(2) & (3) Firm estimates of quantities of wastes would require a detailed plant design proposal. As the Government has not concluded its consideration of the options for dealing with ANSTO's spent fuel, a detailed proposal is not available and neither are detailed estimates of the quantities of wastes that would arise. However, ANSTO has made indicative estimates, drawing on generalised knowledge of the chemical processes that would be used, and based on the use of Synroc for the conditioning of intermediate level radioactive wastes.

On this basis, ANSTO has estimated that there would be: no high level waste; two cubic metres of intermediate level waste in Synroc; and either 50 cubic metres of low level waste in ceramic or up to 250 cubic metres of low level waste in cement. The liquid and gaseous wastes produced would be treated on-line and solidified. Such wastes have been included in the calculation for the amount of solid waste that would be generated. There would be some residual liquid and gaseous emissions which would be released under controlled conditions and would be within the National Health and Medical Research Council (NH&MRC) recommended safe regulatory limits for radiation exposure of workers and members of the public. As the levels of radioactive discharges would depend entirely on the design of the plant, it is not possible to give exact levels.

It should be noted that the NH&MRC's recommended regulatory limits are based on international standards and are publicly available. ANSTO's emissions and discharges are well monitored and are generally well below the relevant regulatory limits. The Australian Radiation Laboratory provides independent surveillance of effluent releases. ANSTO's radioactive discharges are published in ANSTO's Environmental Survey at Lucas Heights Research Laboratories—Annual Report, which is available to the public. They are also published in the annual report of the Safety Review Committee (SRC), which was established under the Australian Nuclear Science and Technology Organisation Act 1987 to review and assess the effectiveness of the standards, practices and procedures adopted by ANSTO to ensure the safety of its operation. This report is tabled in Parliament.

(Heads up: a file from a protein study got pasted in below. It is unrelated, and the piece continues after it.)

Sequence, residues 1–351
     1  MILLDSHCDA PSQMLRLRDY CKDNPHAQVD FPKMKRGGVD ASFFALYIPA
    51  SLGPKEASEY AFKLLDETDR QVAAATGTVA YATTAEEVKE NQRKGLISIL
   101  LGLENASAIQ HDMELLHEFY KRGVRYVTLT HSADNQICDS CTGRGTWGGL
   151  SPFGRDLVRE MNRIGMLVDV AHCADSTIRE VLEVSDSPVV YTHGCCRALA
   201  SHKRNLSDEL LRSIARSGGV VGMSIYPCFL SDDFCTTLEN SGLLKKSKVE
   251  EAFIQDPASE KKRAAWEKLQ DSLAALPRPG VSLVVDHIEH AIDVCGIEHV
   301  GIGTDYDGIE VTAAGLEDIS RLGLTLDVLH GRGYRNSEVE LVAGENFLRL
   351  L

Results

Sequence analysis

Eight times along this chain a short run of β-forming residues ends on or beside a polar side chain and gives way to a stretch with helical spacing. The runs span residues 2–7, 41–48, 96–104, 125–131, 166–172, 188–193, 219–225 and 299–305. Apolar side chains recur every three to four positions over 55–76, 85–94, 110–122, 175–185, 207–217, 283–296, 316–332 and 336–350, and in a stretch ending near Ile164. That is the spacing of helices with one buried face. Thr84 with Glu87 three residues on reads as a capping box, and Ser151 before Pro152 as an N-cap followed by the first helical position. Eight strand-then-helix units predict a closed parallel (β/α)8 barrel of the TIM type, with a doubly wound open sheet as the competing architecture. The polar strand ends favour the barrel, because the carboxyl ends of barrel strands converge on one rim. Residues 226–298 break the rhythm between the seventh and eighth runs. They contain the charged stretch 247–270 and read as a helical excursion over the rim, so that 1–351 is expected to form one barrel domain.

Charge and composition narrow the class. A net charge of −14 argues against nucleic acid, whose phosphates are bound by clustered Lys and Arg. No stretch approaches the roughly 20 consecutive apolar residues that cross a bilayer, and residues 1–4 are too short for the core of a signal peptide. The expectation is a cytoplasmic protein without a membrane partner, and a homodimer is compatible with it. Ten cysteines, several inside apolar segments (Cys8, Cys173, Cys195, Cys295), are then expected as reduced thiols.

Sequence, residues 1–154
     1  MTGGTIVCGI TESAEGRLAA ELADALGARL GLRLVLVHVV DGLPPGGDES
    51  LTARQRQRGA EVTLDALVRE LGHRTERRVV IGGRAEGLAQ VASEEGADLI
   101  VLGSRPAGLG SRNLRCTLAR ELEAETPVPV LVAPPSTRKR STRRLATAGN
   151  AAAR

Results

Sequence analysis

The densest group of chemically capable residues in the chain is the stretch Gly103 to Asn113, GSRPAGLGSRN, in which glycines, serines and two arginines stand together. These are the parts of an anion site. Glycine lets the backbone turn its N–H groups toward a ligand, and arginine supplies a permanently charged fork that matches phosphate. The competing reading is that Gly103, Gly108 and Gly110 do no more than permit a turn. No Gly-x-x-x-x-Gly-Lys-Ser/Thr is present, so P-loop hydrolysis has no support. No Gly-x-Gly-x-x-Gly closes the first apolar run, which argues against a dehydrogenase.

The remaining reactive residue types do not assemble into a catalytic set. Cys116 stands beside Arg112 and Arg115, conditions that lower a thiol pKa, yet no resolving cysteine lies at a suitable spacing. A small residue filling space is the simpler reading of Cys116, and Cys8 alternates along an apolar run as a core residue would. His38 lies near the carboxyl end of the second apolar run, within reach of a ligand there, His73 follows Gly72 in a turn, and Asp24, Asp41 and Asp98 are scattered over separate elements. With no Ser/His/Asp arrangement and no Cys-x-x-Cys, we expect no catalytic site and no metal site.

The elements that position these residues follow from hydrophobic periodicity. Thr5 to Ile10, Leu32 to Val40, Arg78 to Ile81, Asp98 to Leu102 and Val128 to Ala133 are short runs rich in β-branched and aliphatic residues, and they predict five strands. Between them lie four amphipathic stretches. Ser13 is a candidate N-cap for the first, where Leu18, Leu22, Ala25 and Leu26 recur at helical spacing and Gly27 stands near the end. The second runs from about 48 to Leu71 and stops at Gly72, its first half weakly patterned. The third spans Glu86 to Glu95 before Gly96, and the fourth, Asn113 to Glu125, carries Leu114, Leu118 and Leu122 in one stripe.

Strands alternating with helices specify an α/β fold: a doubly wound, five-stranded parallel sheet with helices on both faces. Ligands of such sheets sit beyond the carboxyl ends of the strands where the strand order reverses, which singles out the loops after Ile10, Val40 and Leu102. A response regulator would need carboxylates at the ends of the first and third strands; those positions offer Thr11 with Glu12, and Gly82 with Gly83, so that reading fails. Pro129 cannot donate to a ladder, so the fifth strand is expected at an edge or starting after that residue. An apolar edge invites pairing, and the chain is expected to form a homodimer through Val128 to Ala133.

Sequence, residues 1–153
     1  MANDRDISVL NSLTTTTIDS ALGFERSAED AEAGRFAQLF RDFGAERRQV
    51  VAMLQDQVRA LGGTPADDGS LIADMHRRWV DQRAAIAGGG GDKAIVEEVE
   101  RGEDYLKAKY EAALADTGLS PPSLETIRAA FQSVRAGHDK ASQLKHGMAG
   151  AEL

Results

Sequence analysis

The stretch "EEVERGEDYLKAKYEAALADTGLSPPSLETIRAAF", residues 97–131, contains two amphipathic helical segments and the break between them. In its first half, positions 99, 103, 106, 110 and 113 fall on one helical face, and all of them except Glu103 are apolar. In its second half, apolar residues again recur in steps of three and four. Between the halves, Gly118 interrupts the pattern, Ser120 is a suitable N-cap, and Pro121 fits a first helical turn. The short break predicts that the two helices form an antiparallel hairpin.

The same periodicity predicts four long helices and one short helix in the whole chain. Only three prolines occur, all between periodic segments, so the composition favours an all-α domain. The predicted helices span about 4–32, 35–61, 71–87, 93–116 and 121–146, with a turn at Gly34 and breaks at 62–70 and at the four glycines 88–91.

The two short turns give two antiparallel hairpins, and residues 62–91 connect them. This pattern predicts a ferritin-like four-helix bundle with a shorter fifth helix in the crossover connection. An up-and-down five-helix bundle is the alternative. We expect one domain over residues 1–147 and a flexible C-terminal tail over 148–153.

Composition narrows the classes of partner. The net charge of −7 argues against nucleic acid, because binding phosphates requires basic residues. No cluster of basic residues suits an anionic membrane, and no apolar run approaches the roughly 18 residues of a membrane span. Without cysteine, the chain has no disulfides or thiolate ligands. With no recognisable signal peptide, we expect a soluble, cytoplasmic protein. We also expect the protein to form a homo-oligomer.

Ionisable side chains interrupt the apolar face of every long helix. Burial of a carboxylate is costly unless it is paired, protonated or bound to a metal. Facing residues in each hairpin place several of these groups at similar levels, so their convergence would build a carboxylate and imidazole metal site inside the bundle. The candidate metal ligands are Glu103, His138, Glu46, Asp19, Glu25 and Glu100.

(4) Yes, ANSTO has explored the currently available options for conditioning spent aluminium-clad research reactor fuel. Each of these options involves the initial step of chemical processing. The conditioning of the resulting waste then differs.

The currently available conditioning methods are cementation, used in the United Kingdom, and glass vitrification, used in France. Estimates of the amounts of solid wastes generated from processing ANSTO's existing spent fuel, using the currently

available conditioning processes or the Synroc process, are set out in the following table.

Liquid and gaseous wastes would be solidified, although there would be some residual emissions. It should be noted that the total amount of radioactivity immobilised in all these options is identical. It should also be noted that the glass vitrification process currently in use in France would condition the research reactor waste together with power reactor waste, and result in some high level radioactive waste.

Were ANSTO to condition the existing spent fuel and not use Synroc, it would be likely to use the cementation process, as it has some expertise with the use of cement. The amounts of radioactive waste generated would be as given in the table for the cementation process.

Solid Waste Generated from Processing ANSTO's Existing Spent FuelANSTO Synroc ProcessCementation Process (as used in the UK)Glass Vitrification Process (as used in France)
High levelNilNil1.2m3 in glass
Intermediate level2m3 in Synroc250m3 in cement1.2m3 in cement
Low level50m3 in ceramic or up to 250m3 in cement20m3 in cement20m3 in cement

(5) See response to Question 3. Radioactive discharges would depend entirely on the design of the plant. Any discharges to the environment, no matter which conditioning process was used, would be required to be maintained within relevant regulatory limits.